He gave us the world in which we live, including the life that we enjoy now and the life that we will enjoy into eternity. One of the ways in which we unwrap those gifts is by means of appreciation. In the last session of our Lyfe Course we were encouraged to try and take a break over lunch to get outside and enjoy God’s creation and also to count our blessings by beginning a list of all the things we’re grateful to God for including all areas of our lives - family, work, sport, food, sleep etc.

God so loved the world that he gave his one and only Son. Jesus is God’s greatest gift to us. We unwrap the gift of Jesus as we admit to our need for salvation and change. We receive Jesus through the gift of his Spirit, who enables us to change by focusing our thoughts and lives on Jesus. At every moment of every day we can ask ourselves ‘What Would Jesus Do?’ and allow the Spirit to answer that question by guiding our actions and words.

To support us in living as followers of Christ we have been given the gifts of the Bible (with its story of God’s dealings with the world he created and of Jesus’ sacrifice of himself for that same world), prayer (which brings us into conversation with God), the Church (the group of people locally who are seeking to go deeper into God and, together, to reveal God to their local community), and the Gifts of the Spirit (talents and abilities given, not personal benefit, but for the benefit of others).

These are among God’s greatest gifts to us for which we should be truly grateful. We are used to the idea of saying grace (thank you) before enjoying the food we eat. In the same way, we could say grace before reading the Bible, conversing with God in prayer, coming to church, and using the gifts of the Spirit which have been given to us.

Lewis Hyde writes that ‘a gift that cannot be given away ceases to be a gift’ and ‘the spirit of a gift is kept alive by its constant donation.’ Leo Buscaglia said, 'Your talent is God's gift to you. What you do with it is your gift back to God.’ St Paul wrote in 1 Corinthians 12 that ‘the Spirit's presence is shown in some way in each person for the good of all.’ He follows his chapter on the gifts of the Spirit by sharing, in 1 Corinthians 13, the best way of all; that of love. God so loved the world that he gave; as God’s children and followers of Jesus, we too are to love the world by giving.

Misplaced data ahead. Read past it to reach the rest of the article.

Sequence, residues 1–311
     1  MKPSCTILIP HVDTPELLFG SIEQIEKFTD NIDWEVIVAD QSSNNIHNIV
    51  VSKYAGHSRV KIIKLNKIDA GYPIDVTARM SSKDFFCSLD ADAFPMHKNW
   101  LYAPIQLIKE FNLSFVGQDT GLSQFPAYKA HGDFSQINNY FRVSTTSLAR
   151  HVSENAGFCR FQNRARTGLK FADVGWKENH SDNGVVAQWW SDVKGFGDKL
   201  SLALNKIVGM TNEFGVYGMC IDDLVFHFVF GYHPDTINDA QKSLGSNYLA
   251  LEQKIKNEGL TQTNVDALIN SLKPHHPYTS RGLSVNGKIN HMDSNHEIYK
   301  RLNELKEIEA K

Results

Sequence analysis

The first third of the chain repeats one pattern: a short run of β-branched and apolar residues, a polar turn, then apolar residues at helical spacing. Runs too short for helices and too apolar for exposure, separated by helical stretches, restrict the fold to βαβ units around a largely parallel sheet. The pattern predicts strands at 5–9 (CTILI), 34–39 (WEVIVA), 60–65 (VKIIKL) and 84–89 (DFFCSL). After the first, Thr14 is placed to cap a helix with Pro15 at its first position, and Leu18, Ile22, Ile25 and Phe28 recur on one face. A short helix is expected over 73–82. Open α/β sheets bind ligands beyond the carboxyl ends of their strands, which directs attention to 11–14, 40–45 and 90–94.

God is love. Love is gift.
God so loved that he gave;
gave life, bringing the world into being.
Life is gift. The world is gift.
God so loved that he gave;
gave his one and only Son.
Of his own free will the Son
gave up all he had
and walked the path of obedience
all the way to death -
his death on the cross -
that we might have the gift of life.
Life is gift and giving.
Life without giving
cannot be living.
God so loved that he gave.
Love is unmerited gift,
to be given freely, willingly,
without expectation.
We do not love to be loved;
we love to love.
Love is the gift.
God so loved that he gave.
Love grows by giving.
The love we give away
is the only love we keep.
God so loved that he gave.


Bruce Springsteen - O Mary Don't You Weep.

Yamikani's prayer

Yamikani Dakalira from Malawi is visiting in October to speak to churches about her work, and has written a special prayer for us all to use over the Hungry for Justice prayer and action weekend (18-19 October).

Lord, you are our rock, our fortress and our strength;
guide us, lead us and have mercy on us.
We thank you for the precious gift of your earth, in all its beauty and fragility.
Through it we are each bound to one another in a million ways.
For the sake of those facing rising temperatures, drought and water shortages,
strengthen our movement for climate action.
For the sake of those facing unpredictable weather, disrupted seasons and failed crops,
bless our leaders to work together to find positive, lasting solutions.
For the sake of all those who feel the impact of our changing climate, the poor and the vulnerable,
bring the hope of a brighter, cleaner future.
Lord hear our prayer and fill our hearts with a hunger for justice.
In the name of our Lord Jesus Christ, we will set up our banners to call for change. May the Lord fill our petitions!

Yamikani works for Christian Aid partner, CEPA, in Malawi to combat the impact of climate change, involving the poorest communities in the solutions.

We will use this prayer in the Seven Kings Fellowship of Churches One World Week service at St John's Seven Kings this evening (6.30pm).


Thocco Katimba - Count Your Blessings.

Saturday, 18 October 2014

Blog Action Day: Inequality #BAD2014, #Inequality, #BlogAction

On the 16th October, people from around the world raised their voices through Blog Action Day to generate an unprecedented conversation on how we can address inequality. An audience of millions saw that message — which will continue to ripple forth for some time.

“Malala knew the power she had to speak up for herself, and those who couldn't, by sharing her story. Authentic voices are always the best way to convey struggles of inequality and tell stories of our shared humanity.” — Malala Fund post

“Extreme inequality should not be ignored—or worse, celebrated as a sign that we have a high-performing economy and healthy society.” — Bill Gates' post

“Being a female and from a country where gender discrimination continues to be an enormous problem, I didn’t have to think twice about the topic to write on. The fight starts off from my mother’s womb.” — Blogger Rekha Dhyani's post

These are just a few tastes of the conversation that started yesterday.

If you'd like to see some other highlights, the best place to do so is Orbit Orbit is Blog Action Day's sister platform, where you can feature your own blog's content as part of a conversation, like we saw around #inequality yesterday. You could also search for #BAD14, #BAD2014 and "Blog Action Day" on your social media networks or visit the participants list.


The Specials - Ghost Town.